Lebanese director Nadine Labaki showed a light touch, skill at directing a female ensemble, and some comic gifts in her debut film, “Caramel.” Those touches remain in her follow-up, “Where Do We Go Now?,” but they’re mixed with sobering reminders of sectarian conflicts in the Middle East.
The word “Lebanon” is never mentioned in the film. One place name is cited, but I assume it’s made up. Although Labaki is Middle Eastern herself, she’s adopted the same strategy as Canadian director Denis Villeneuve’s “Incendies,” which is also set in an unnamed, conflict-ravaged country resembling Lebanon. For both filmmakers, such an approach might be an attempt to get beyond cant and cliché and make a work of art rather than a news broadcast. In any case, no one would mistake the highly stylized “Where Do We Go Now?” for a documentary.
The film begins with a funeral procession of women dressed in black, carrying photos of their late husbands and sons. In the village where “Where Do We Go Now?” takes place, Christians and Muslims have lived together for generations, but conflict has made their lives difficult.
Initially, the film plays these skirmishes for laughs, as when someone replaces the holy water in the Christian church — which lies side by side with the mosque –– with chicken blood. As the film progresses, they become increasingly serious. While the men threaten to take up arms against each other, the women try to keep them from fighting. The mayor’s wife (Yvonne Maalouf) fakes a miracle from the Virgin Mary. When a flyer from a strip club turns up by chance, they decide to hire a troupe of Russian strippers to entertain the men. The town’s sole television is destroyed, so no one will be able to watch the news. However, the largest threat to peace comes when a young boy (Kevin Abboud) is hit by crossfire while driving his motorbike to get food.
“Where Do We Go Now?” makes no attempt to beautify rural Lebanon, which looks rather drab and run-down. Some of the landscapes, captured in long shot, are attractive, but when the priest complains his church is falling apart, his point is evident. The whole village shows the effects of neglect and relative poverty. Labaki is purposefully ambiguous about the time frame, an effect enhanced by the fact that no individual owns a TV, much less a computer.
The film changes moods frequently. Labaki doesn’t always seem in full control of her tone, as when she follows a silly stripper scene with one involving a character’s death. The effect is jarring. Even so, “Where Do We Go Now?” is a musical, featuring performances of three songs. The final song is upbeat and cheerful, but the first two, while sung in Arabic, seem like pastiches of mediocre French pop.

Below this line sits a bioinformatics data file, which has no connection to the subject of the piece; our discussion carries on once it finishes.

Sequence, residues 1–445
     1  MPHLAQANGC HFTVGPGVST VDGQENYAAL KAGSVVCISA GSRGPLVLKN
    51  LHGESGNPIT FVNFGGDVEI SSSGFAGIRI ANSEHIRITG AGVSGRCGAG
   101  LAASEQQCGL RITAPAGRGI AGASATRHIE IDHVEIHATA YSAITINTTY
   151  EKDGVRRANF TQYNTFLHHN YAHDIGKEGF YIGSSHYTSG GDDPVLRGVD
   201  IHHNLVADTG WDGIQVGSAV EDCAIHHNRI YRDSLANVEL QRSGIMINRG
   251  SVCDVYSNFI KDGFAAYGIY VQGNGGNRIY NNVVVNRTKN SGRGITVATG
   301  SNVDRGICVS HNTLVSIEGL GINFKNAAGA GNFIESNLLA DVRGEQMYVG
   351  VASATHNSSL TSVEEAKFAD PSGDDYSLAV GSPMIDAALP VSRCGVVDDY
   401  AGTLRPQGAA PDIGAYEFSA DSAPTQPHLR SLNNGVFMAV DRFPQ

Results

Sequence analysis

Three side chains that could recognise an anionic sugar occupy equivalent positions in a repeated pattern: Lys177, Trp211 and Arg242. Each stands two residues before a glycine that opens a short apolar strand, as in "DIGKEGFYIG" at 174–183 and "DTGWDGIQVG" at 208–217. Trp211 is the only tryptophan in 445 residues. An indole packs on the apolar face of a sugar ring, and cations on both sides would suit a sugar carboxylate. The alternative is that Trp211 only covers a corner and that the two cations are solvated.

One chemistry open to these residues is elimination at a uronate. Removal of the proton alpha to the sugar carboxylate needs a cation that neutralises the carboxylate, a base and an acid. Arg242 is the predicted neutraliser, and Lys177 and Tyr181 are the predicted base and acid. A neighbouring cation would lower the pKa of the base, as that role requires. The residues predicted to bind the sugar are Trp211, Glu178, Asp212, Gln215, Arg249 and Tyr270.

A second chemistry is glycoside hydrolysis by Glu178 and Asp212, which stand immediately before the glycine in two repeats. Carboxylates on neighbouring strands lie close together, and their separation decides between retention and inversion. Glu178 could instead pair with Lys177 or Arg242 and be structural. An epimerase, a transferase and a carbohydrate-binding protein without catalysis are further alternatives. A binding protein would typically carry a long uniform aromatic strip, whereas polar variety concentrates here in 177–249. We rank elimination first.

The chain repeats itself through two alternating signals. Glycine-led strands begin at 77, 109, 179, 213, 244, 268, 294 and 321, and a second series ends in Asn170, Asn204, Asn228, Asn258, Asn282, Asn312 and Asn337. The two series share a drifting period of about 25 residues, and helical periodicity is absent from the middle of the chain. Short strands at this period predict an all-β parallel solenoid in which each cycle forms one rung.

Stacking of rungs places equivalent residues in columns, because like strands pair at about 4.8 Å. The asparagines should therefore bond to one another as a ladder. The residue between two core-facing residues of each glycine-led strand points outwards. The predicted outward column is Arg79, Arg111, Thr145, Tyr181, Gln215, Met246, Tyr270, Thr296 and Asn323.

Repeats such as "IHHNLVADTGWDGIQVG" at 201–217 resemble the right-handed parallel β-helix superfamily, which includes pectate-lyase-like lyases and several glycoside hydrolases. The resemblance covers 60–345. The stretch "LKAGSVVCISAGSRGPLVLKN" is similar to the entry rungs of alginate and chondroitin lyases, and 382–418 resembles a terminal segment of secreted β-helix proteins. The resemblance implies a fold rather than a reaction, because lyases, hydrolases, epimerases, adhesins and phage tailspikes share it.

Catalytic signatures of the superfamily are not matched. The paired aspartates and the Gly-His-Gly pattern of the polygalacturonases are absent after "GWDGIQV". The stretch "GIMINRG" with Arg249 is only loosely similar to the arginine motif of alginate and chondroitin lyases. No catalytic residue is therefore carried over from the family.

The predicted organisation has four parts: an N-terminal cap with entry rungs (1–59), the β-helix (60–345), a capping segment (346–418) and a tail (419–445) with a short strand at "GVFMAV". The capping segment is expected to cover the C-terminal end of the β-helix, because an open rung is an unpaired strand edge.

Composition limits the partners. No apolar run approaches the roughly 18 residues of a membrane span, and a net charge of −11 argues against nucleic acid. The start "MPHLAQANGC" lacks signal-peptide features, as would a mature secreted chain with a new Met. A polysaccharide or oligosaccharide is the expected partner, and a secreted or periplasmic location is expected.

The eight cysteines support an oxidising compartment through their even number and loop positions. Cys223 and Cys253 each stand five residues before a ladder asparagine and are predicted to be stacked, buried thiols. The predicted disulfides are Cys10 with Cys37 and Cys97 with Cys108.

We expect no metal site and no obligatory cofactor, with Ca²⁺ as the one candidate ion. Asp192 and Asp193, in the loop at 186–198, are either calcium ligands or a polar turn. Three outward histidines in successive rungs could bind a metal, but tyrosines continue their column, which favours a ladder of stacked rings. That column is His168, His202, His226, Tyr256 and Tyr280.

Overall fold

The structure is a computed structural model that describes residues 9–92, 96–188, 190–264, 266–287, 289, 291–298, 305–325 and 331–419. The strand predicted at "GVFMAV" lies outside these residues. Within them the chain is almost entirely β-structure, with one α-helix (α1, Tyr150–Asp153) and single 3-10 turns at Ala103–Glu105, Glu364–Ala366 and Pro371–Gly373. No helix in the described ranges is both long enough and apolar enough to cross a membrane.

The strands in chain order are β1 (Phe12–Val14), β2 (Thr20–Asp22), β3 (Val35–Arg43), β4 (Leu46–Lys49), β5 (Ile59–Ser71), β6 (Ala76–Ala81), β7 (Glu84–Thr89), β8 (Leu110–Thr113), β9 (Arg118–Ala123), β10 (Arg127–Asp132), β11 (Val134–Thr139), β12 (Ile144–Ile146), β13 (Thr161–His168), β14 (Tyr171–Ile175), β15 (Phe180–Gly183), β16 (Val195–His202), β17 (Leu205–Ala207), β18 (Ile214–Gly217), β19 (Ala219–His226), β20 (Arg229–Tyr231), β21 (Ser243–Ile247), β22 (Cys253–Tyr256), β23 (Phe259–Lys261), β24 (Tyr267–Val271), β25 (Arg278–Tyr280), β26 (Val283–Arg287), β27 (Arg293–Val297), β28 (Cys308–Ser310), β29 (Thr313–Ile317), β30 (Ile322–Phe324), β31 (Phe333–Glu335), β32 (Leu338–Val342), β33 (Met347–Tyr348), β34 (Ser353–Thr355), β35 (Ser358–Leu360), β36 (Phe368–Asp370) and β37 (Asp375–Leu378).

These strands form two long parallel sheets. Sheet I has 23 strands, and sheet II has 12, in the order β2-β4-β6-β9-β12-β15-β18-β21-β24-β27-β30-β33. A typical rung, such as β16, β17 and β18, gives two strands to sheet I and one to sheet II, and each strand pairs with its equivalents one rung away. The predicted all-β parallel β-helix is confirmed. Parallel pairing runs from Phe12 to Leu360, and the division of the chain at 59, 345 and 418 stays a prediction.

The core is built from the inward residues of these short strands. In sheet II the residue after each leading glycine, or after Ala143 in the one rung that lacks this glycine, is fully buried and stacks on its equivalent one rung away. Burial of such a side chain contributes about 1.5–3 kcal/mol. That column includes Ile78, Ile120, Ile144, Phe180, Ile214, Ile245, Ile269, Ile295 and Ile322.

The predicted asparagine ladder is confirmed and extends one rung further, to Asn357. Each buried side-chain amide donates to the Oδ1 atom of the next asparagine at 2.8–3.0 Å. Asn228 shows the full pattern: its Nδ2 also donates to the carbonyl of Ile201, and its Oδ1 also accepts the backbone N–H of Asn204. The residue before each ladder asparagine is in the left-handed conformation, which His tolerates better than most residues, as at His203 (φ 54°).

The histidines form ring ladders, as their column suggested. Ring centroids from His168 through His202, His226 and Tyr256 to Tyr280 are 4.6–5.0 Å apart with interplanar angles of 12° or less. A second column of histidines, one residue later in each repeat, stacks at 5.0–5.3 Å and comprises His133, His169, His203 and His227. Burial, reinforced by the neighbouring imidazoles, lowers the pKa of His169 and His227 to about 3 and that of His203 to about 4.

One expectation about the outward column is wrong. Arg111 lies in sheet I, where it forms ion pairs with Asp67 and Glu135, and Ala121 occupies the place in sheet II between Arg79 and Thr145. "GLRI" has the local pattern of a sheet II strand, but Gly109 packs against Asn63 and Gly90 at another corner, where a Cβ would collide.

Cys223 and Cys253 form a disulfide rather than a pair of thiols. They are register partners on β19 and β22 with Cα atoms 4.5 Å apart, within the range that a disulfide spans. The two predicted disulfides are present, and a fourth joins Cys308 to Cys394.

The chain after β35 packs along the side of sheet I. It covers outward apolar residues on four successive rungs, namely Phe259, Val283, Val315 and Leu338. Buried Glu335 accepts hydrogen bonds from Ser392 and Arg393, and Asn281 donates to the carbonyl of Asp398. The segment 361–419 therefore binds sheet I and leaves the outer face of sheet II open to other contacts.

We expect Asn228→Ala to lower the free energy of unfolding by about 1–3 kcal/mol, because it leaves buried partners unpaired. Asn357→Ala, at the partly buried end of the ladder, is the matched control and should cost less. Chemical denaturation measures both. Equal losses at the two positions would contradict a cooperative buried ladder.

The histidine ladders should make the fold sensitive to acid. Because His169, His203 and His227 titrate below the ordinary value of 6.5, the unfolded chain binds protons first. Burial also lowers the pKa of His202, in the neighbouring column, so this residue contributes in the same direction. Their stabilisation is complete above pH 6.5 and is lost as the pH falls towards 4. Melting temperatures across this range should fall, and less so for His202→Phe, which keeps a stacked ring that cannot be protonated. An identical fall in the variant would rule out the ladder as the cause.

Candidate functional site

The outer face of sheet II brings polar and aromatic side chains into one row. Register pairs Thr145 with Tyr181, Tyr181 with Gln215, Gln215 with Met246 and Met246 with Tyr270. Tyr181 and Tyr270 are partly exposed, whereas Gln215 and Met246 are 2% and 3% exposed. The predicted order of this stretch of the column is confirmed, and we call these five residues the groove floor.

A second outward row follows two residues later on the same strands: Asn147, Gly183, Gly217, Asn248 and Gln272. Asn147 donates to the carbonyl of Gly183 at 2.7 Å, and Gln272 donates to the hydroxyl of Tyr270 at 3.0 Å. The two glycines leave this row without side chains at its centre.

“Where Do We Go Now?” breaks down one stereotype about the Middle East, expressing a view of drugs one might associate more with Amsterdam than a rural village in Lebanon. The women sing a song in praise of hashish, while baking cakes laced with hash and sedatives, which are later served to the village’s men. A major plot point turns around the cakes, which put the men in a pleasant daze that allows the women to sneak away and take actions behind their backs.
Ultimately, the view of human nature expressed in “Where Do We Go Now?” is rather one-dimensional. While it’s true that men are generally more aggressive than women, the track records of female politicians like Margaret Thatcher and the vitriol from extreme right-wing pundits like Michelle Malkin and Ann Coulter suggest that simply keeping men away from guns isn’t a surefire path to world peace and enlightenment. To be fair, there’s some novelty value in a film that patronizes men like they’ve long patronized women.
The film suggests strippers remain (un)dressed for work all the time, but I doubt they all bare their midriffs and legs while doing something no more salacious than riding a bus. Certainly, Labaki makes her points about the nature of men and women without intending them all to be taken literally, but on some level, the film really means what it says, fantasy or not. “Where Do We Go Now?” comes across equally hopeful and naive about the possibilities of peace in the Middle East.
WHERE DO WE GO NOW? | Directed by Nadine Labaki | Sony Pictures Classics | In Arabic and Russian with English subtitles | Opens May 11 Angelika Film Center | 18 W. Houston St. at Mercer St. | angelikafi